The impressive supporting cast from the first film is joined by some new faces. The amusingly cranky Harrelson is once again locked in a tight competition with Banks (who impressively emotes through heavy makeup) and Stanley Tucci (with blindingly white teeth as TV host Caeser Flickerman) to see who has the most ridiculous wig. (I’m still putting my money on Harrelson for his floppy, unnecessary hair piece.) The most noteworthy newbie is Oscar winner Hoffman as the inscrutable new Gamemaker. It’s a deadpan performance that makes his character hard to read, and he shares some strong scenes with Sutherland. (The movies have ditched Katniss’s first-person perspective from the books, so we get to sit in on President Snow and Plutarch’s menacing meetings.) We also get to know more of the other tributes, including Jeffrey Wright as tech-savvy, quietly confident Beetee, Sam Claflin as preening charmer Finnick Odair, and Jena Malone as the aggressive, unhinged Johanna Mason. Finnick and (especially) Johanna each get memorable introductions, and both actors thankfully get more than one dimension to play.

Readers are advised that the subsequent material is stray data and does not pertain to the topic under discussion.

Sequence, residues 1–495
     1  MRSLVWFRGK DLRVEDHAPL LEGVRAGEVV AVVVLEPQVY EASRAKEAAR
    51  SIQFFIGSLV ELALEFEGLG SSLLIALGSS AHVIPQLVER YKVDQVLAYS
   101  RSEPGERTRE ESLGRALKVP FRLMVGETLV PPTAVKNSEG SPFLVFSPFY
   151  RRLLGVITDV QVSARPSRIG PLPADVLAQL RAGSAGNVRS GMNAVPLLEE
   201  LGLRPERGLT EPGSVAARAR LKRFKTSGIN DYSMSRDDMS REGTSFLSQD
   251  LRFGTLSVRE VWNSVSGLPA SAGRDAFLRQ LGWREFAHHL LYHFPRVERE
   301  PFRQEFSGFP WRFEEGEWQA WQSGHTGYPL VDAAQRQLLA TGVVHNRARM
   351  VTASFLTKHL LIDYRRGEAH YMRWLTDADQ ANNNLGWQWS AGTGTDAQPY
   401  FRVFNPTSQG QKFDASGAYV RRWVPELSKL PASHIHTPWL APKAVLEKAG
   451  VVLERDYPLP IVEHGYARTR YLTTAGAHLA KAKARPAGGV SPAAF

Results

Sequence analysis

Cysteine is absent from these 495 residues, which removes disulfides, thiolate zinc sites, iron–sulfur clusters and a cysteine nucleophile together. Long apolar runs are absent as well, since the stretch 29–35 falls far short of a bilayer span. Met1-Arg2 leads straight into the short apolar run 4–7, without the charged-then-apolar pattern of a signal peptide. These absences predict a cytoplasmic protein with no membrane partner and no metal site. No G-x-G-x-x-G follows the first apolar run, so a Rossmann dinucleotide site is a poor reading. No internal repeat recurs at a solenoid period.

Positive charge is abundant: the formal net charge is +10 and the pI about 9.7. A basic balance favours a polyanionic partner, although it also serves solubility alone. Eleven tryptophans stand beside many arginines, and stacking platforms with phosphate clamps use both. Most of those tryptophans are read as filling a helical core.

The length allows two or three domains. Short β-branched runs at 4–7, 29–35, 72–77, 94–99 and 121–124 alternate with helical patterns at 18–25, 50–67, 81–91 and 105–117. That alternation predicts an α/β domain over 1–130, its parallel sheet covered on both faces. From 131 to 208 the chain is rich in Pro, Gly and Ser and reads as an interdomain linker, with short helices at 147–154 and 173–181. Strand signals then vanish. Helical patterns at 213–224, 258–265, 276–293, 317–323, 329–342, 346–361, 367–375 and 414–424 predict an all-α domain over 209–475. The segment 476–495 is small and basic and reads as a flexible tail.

Once the story moves to the impressive arena set, the film loses a good amount of the spark that separates The Hunger Games saga from your typical blockbuster. The bad CGI in Catching Fire (baboons! poison fog!) is certainly better than the bad CGI in the original, but bad CGI by any other name is just as stinky. Fortunately, Lawrence and his team give the Quarter Quell sequences a good sense of urgency and keep the action moving at a brisk pace. My watch died on me the day before I saw this movie, so I couldn’t officially tell you if the Hunger Games in Catching Fire took up less screen time than they did in the previous film; the important thing is that they definitely felt like they took up less time. (For the record, Catching Fire clocks in at 146 minutes, just four minutes longer than the first film.)
If you’re not a “Hunger Games” fan, you may not be aware that Catching Fire is essentially the Empire Strikes Back of the book trilogy. So don’t expect a definitive conclusion to this story just yet. Instead, expect an exciting film that is savvier than the average blockbuster. Meanwhile, long-time fans should expect a faithful, satisfying adaptation that improves and expands upon the previous movie. “Last year was child’s play.”